My friend Collin, science fiction writer and dweller of fantasy worlds, understood that a true friend is somebody to talk to, someone to depend on and someone to enjoy
Collin’s Facebook page cover, spoofing himself tracking some creature much larger than himself
If you ever saw Collin Piprell at a meeting of the Bangkok Writers Guild, a meetup I ran for 12 years until COVID struck, you mightn’t have guessed that he did not live on this planet. Collin inhabited worlds few would venture into, worlds where alternate realities, technology, chaos and virtual futures tormented oddly retro humans, some of whom might have been at home in Raiders of the Lost Ark.
Outwardly, though, you’d see a barrel-chested, shy, Hemingway-like man who hated being photographed and always looked like he was on the verge of leaving. He could be long-winded as easily as blunt, civil as easily as sarcastic. These are the manifestations of a mind that is always churning. Collin’s tongue could never keep up with his inner muse. He has been a nomad in his life, moving from the academic airs of McGill University to lives as a Canadian miner, an elephant tracker, a scuba diver and, if I remember rightly, and an Oxford don.
Collin was always struggling with his life’s welcome—yes, welcome—burdens, which included too many manuscripts to edit, too many friends he was afraid of losing touch with, too many thoughts waiting to be thought and too few hours in the days for everything that needed his time.
As you read this, this Tuesday, Collin and I were to have lunch together, perhaps at Bangkok’s British Club which he was so fond of. We had last met in February; too much time had passed; I had been traveling, he had been locking horns with his daily devils. But on an evening last week, he died at his own doorway, where his wife found him when she tried to enter.
It hit me, like a blow to my stomach, that someone irreplaceable had left my world. He was only 76. That’s too young to die.
I believe Collin died exactly as he would have wanted to, swiftly, efficiently and without preamble or much fuss. When we last spoke, he said he had worked out—strenuously, almost violently, as always—and was in good shape, except for his eyes, which these days were not his friends.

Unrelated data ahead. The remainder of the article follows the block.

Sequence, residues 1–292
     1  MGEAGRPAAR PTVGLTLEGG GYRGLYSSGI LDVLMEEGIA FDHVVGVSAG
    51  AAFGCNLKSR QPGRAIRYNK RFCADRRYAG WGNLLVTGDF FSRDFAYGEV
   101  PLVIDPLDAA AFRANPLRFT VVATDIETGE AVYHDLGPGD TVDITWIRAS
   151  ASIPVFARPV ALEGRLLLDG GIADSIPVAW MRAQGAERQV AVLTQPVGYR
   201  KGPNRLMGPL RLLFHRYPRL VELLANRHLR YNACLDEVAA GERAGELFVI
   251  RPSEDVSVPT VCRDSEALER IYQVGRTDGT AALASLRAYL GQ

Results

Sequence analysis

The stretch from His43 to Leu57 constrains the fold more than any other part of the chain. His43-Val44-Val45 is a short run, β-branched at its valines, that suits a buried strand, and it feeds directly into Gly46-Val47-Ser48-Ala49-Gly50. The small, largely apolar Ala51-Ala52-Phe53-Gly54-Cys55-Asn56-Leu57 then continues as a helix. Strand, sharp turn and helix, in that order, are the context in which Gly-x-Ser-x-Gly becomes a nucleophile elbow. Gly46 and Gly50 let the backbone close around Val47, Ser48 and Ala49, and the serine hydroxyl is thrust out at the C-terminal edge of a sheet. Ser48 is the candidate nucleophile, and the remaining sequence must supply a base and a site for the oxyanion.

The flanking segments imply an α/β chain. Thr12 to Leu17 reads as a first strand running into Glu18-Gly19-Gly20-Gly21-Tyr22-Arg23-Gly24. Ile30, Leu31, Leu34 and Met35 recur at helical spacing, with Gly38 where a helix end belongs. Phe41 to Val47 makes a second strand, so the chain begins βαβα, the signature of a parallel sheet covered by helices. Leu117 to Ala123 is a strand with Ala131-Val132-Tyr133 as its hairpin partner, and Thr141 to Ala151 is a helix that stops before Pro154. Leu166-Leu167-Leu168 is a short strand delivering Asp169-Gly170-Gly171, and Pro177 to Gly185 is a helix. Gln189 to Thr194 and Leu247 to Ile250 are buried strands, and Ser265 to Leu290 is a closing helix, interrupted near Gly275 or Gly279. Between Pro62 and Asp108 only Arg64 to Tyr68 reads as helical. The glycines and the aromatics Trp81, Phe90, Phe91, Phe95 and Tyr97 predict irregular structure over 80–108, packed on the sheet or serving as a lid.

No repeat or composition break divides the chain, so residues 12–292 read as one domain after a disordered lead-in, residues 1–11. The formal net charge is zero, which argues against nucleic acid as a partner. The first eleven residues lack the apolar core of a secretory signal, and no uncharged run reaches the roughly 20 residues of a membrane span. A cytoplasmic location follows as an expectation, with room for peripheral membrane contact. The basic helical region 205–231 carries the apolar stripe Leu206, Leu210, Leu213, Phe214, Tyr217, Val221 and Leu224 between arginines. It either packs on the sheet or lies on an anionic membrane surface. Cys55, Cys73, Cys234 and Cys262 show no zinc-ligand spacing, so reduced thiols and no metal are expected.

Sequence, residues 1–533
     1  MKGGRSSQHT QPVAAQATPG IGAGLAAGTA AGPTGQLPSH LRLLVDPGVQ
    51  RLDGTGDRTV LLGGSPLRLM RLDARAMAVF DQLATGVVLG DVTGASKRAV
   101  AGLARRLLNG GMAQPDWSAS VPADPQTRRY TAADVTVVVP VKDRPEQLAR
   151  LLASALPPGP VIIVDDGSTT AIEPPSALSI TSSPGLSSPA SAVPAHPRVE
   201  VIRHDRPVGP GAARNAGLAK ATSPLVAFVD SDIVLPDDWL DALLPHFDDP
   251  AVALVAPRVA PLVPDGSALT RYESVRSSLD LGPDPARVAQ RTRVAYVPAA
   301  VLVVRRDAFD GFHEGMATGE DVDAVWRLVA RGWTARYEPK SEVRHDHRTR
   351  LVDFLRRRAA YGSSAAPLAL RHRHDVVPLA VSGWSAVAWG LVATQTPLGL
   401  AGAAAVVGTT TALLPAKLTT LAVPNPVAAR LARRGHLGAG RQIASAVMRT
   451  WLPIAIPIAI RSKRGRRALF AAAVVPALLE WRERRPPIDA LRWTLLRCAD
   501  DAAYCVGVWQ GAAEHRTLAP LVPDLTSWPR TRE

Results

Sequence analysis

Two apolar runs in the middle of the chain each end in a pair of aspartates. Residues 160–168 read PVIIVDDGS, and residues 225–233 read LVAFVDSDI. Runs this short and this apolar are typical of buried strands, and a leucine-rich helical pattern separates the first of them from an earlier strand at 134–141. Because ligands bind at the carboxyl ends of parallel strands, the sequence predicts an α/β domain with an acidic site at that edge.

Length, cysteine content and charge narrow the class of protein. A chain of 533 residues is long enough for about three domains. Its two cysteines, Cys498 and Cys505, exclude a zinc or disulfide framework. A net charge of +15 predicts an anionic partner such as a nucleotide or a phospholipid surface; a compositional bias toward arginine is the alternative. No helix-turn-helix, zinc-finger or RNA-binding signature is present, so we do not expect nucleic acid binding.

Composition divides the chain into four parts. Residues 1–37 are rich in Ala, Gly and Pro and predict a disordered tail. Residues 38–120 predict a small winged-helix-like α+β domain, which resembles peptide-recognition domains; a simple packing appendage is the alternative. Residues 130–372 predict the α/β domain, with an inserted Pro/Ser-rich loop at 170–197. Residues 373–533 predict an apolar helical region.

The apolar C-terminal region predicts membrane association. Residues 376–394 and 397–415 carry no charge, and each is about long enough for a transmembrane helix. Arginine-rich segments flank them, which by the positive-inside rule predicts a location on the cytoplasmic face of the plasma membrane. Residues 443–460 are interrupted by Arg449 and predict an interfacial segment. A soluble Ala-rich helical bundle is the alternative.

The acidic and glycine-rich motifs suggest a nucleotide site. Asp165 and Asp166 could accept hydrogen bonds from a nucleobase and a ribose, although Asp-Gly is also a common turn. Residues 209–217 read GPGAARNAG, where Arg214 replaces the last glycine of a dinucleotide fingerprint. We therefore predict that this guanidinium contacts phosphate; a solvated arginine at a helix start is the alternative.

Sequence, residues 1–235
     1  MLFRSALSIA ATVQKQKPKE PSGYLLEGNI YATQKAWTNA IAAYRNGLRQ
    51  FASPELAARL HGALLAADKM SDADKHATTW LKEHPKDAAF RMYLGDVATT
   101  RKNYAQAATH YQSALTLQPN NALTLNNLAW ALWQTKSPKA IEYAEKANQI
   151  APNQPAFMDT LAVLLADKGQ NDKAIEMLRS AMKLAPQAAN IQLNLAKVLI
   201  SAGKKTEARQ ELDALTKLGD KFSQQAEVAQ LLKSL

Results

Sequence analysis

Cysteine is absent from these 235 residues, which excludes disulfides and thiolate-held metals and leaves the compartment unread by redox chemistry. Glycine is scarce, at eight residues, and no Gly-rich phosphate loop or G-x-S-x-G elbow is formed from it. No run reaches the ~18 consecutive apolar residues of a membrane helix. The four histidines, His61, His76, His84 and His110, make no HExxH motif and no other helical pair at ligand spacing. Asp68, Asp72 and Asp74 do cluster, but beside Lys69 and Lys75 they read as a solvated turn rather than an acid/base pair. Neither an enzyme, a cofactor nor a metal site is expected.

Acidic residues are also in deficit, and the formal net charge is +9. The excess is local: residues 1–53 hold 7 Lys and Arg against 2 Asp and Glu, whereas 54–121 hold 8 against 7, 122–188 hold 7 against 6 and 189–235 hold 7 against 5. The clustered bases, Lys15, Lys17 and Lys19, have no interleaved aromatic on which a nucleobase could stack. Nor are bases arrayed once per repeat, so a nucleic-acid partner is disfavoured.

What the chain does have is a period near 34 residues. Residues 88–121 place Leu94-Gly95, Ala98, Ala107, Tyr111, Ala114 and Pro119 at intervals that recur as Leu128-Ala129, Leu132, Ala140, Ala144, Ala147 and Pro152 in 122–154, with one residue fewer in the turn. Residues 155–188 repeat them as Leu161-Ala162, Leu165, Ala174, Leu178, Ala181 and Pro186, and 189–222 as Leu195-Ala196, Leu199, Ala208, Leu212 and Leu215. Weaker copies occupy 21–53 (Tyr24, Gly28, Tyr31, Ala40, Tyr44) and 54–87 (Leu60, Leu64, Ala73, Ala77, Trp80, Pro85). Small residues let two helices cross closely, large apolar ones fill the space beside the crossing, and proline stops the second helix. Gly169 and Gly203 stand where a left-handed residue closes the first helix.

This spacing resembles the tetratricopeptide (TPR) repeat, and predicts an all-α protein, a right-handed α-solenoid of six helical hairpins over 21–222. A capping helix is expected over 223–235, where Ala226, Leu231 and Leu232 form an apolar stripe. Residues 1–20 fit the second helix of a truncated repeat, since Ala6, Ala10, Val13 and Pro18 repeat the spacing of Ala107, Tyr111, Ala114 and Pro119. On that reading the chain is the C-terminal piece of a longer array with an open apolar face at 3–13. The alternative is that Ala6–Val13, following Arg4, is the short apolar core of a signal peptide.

But for me, Collin was that rarest of beings, a friend at an age when new friendships are not supposed to happen easily. The playing field was not level—I believe he might even have been a better friend to those he knew than they to him.
In a world of cancelled human beings, ghosted relationships and unfilled promises to catch up soon, Collin was an old-schooler who seemed to grasp that reaching out to others is how we make peace with ourselves and that intention, not geography, is the barrier.
Collin understood the value of accumulation, especially of facetime. For 12 years, he was a monthly presence at our writers group meetings. But in between, he’d manage to squeeze out time to meet for tea and cake at Starbucks or lunch at Chu Café. One study says that it takes spending 40 to 60 hours together within the first six weeks of meeting to turn an acquaintance into a casual friend. Between 80 and 100 hours, and the friendship deepens. Of all my Bangkok friends, Collin is the only one who instinctively understood this and negotiated face to face meetings. I realise today what a difference that makes.
It is an art to be close without being intrusive but Collin was a master. He understood the value of attention given. Though intensely private himself, he had a way of remembering the small wrinkles of someone else’s life and gently enquiring from an unobtrusive distance how things were. Visa problems, spousal differences, the pain growing children bring, writer’s anguish, blocked creativity—Collin remembered all and each, and would let you know he was concerned.
He was a creature of ritual with a native grasp of the reassuring power of repeated actions in relationships. If he wasn’t at a Starbucks squinting at his laptop, he might be at the gym knocking himself out, lunching with wife Sara at the British Club or catching an event at the Foreign Correspondents’ Club of Thailand. Having set daily routines freed his mind to soar.
And soar was what it did. His Magic Circles trilogy, MOM, has all the makings of a cult science fiction novel. Set in a future Bangkok where a mall is the last refuge of human survivors of a plaguebot pandemic, he imagined hazardous technoscapes where avatars battled nano-nemeses. The Mall Operations Manager, or MOM, was nearly god—or devil—in this post-apocalyptic dystopia.
The Collin who used to share fantasies and fictions with me over coffee perfectly fits the description of a friend offered by Ohio University’s William Rawlins, professor of interpersonal communication—“Somebody to talk to, someone to depend on, and someone to enjoy.”
And now he is somebody to miss.
Here, viewed from there. C Y Gopinath, in Bangkok, throws unique light and shadows on Mumbai, the city that raised him. You can reach him at firstname.lastname@example.org
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The views expressed in this column are the individual’s and don’t represent those of the paper